This is less of a question with a definitive answer and more of a request for some tips. I am hoping that some of you may had had this problem yourself and can offer some advice.
I have been designing for myself and occasionally freelance for a number of years and I have always gravitated towards a monochromatic/muted approach, reserving colour for information, link/rollover colours etc.
I started working as a web/UI developer around 6 months ago and am now designing a new web front end. Layout is nailed – I have zero problem with that – but I am having some trouble with the colours that I have to use – 2 shades of blue.
I feel these shades really cheapen the whole look of the site; replacing this colour with a more metallic colour or subtle shade instantly changes the site for the better.
There is something about blue that really bothers me.
So I suppose what I am asking is: How can I practice using colours that I would never choose myself? Are there some techniques I can use to make it less about the colour and more about how the colour has been used?
I apologise if this is a vague question; I am genuinely concerned that my inability to use colours that have been given to me well is going to cause a problem.
Don’t despair: the perception of colours is influenced heavily by contrast with surrounding colour and by context cues, so, even when you have to work with colours you hate, there are always ways of influencing how they are perceived.
Here’s a few things you can potentially work with:
Contrast. Where different shades collide, they are perceived as more different. For example, here’s a strong blue against an even stronger blue. The weaker blue below left works more like a subtle tint when paired with the stronger blue compared to when presented on its own or against grey, even though objectively it’s a strong blue – while the overall feel of the unit is stronger.
The physiology of this is pretty interesting. There’s a layer of cells (horizontal cells) in the eye itself, just past the light-detecting rods and cones of the retina, that do pre-processing a bit like a modern camera lens: if adjacent cells are different above a threshold, they ramp up the difference. If they’re different below the threshold, they dampen it down. It makes edges stronger, and a side effect is that you can use it to alter how colours are perceived. You may have seen optical illusions highlighting this, like this one: the “greys” in the top row are actually identical to the lower row on the opposite side:
Also, see how against the yellow tint above, the blue seems a touch more vibrant and more ‘blue’. Yellow and blue, and red and green, are defined in the brain in ‘opposition’ to each other: three channels, black versus white, yellow versus blue, red versus green. Contrast is particularly strong from one colour to its opposite. In the far right blue blobs above, the completely neutral grey through contrast with the blues takes on a very very slightly yellowy character – it doesn’t look yellow, but contrast pushes it a little nudge in that direction. It’s a touch warmer and livelier than that grey would be on its own.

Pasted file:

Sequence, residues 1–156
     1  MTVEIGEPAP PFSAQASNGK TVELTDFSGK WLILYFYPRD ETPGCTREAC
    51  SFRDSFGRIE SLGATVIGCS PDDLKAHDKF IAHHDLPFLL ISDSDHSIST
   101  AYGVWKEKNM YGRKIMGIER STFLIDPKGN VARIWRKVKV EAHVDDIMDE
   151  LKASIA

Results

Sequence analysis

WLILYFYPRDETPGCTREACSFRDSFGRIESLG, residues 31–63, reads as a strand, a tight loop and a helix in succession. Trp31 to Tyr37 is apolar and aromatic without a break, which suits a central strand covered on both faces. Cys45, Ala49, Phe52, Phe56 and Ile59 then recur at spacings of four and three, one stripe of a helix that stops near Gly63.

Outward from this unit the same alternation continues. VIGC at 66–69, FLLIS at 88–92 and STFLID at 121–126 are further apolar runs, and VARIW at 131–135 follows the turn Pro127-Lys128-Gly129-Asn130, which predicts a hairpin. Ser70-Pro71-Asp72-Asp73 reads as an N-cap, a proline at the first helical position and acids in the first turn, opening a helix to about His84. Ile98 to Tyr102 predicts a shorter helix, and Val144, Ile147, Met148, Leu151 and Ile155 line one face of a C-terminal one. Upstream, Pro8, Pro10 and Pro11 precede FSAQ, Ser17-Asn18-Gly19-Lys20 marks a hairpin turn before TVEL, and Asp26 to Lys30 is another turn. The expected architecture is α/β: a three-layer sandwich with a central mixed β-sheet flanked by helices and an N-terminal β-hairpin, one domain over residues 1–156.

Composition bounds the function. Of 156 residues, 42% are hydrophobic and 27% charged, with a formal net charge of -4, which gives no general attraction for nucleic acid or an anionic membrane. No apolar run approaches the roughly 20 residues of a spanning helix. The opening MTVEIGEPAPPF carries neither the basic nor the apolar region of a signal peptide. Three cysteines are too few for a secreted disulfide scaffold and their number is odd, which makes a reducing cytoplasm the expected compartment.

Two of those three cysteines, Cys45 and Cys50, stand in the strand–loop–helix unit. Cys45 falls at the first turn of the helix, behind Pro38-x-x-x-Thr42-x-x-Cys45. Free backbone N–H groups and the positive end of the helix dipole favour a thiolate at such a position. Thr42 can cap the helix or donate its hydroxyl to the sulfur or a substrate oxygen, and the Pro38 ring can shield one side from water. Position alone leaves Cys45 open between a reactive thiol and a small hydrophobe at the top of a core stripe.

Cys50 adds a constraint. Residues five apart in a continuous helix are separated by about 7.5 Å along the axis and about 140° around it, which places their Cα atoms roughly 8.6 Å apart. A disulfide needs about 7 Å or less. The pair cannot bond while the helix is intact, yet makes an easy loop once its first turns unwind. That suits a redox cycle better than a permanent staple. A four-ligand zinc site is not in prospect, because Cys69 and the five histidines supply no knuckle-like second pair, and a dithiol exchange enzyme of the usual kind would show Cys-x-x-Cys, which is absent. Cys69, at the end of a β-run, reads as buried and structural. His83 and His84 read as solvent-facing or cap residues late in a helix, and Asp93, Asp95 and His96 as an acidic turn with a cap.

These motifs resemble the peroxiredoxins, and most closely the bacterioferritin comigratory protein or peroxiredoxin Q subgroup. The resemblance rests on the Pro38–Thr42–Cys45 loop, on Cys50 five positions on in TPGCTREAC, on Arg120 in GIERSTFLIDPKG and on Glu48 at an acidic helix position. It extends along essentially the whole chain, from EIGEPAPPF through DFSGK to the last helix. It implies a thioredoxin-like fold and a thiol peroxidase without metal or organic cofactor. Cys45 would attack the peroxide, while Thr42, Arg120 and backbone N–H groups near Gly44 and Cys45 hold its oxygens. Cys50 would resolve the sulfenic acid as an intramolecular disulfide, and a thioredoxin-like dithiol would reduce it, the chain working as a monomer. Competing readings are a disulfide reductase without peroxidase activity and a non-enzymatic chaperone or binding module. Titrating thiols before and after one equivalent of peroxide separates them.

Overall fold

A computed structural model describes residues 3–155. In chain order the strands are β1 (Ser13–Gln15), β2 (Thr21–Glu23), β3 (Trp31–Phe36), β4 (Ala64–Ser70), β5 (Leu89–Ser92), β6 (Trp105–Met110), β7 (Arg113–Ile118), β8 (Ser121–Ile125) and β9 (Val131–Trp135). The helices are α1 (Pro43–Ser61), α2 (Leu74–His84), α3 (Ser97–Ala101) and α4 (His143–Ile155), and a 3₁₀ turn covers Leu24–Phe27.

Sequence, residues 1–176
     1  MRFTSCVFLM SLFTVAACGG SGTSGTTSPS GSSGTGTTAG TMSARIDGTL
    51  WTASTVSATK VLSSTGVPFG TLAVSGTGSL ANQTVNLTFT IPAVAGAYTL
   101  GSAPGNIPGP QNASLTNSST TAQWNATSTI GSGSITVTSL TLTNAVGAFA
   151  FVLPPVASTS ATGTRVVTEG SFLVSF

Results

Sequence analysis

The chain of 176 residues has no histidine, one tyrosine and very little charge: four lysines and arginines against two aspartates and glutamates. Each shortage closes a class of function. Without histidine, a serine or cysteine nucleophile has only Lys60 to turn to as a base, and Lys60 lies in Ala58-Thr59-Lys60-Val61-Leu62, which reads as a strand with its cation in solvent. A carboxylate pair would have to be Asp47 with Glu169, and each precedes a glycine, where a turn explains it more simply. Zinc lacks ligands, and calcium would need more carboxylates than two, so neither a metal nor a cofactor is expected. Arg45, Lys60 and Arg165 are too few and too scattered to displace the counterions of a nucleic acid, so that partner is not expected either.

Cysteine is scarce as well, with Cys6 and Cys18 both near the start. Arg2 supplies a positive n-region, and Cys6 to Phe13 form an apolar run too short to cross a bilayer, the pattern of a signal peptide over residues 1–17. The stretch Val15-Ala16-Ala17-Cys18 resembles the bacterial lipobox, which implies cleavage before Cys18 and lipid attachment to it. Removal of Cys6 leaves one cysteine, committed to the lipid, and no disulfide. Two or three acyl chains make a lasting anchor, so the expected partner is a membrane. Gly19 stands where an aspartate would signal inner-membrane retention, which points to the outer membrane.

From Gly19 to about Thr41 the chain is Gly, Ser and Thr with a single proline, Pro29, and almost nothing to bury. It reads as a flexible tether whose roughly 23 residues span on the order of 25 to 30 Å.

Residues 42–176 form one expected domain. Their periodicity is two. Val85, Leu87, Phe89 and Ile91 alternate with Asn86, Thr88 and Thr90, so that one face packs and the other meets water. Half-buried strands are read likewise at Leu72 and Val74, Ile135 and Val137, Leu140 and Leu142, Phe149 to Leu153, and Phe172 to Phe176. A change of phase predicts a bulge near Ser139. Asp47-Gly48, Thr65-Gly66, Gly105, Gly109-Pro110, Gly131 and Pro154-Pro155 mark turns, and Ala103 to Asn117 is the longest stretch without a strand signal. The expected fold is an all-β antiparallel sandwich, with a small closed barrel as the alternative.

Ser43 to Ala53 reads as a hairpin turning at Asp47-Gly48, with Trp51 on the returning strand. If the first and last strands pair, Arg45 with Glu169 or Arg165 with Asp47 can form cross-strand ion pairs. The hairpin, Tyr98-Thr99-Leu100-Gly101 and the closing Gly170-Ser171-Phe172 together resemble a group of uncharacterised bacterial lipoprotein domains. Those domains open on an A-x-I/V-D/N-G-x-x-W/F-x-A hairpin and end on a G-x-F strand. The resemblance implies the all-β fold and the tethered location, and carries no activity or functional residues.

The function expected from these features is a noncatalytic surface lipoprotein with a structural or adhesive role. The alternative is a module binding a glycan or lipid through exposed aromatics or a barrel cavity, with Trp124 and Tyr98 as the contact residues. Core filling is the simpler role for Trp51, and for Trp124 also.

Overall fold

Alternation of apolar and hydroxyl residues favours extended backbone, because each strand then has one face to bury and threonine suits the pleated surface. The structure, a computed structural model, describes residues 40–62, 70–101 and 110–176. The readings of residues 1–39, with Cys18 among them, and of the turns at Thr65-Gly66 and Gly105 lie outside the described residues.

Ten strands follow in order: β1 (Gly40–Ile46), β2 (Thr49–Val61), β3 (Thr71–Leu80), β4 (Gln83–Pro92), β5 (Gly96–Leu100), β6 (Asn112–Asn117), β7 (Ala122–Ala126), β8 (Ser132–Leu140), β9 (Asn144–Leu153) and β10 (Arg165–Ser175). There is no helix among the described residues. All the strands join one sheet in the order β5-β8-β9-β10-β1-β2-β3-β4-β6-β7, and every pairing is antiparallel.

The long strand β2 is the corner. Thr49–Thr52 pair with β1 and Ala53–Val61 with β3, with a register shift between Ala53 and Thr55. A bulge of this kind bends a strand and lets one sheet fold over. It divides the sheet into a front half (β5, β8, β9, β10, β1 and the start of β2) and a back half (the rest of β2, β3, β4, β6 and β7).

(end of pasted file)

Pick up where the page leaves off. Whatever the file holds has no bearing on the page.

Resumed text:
Context. Here’s another optical illusion. The squares marked ‘1’ and ‘2’ are identical colours, but perceived differently because what is interpreted as shadow is being counterbalanced. You probably wouldn’t want to use an affect like this, but it showcases how much variation context can create in how colours are perceived.
There’s also the hugely subjective area of the character that colours are perceived to have, driven by cultural cues which you have plenty of control over. It’s very subjective, (there are some resources on some very crude simplistic patterns but while interesting they’re not so useful in practice), but the bottom line is, you can change a lot about what character a colour is perceived as having with the context you create around it.
Here’s that identical shade of blue again, and using styles with cultural associations (thrown together in a few minutes), we’re bringing out a different side of its character in each case:
Bottom line is, with almost any colour scheme, there are things you can do to turn it around. Not all of the way, but some of the way at least. As well as tricks like the above, use curves and shapes, thick and thin lines, whitespace, and if possible, interplay with some subtle shades of grey.
Also, usual design principles still apply. Often, when something looks awful because of the colours, it’s not the colours themselves causing the immediate damage – they might, for example, through drabness or overbearingness not create any kind of clear or pleasing visual hierarchy, and it’s the lack of visual hierarchy that causes the actual damage. Find a way to force it in.
For example, a little injection of some 10% or 20% grey into an otherwise drab colour scheme, bringing in a little dash of contrast and emphasis, can make all the difference.
Source : Link , Question Author : Alan Shortis , Answer Author : user56reinstatemonica8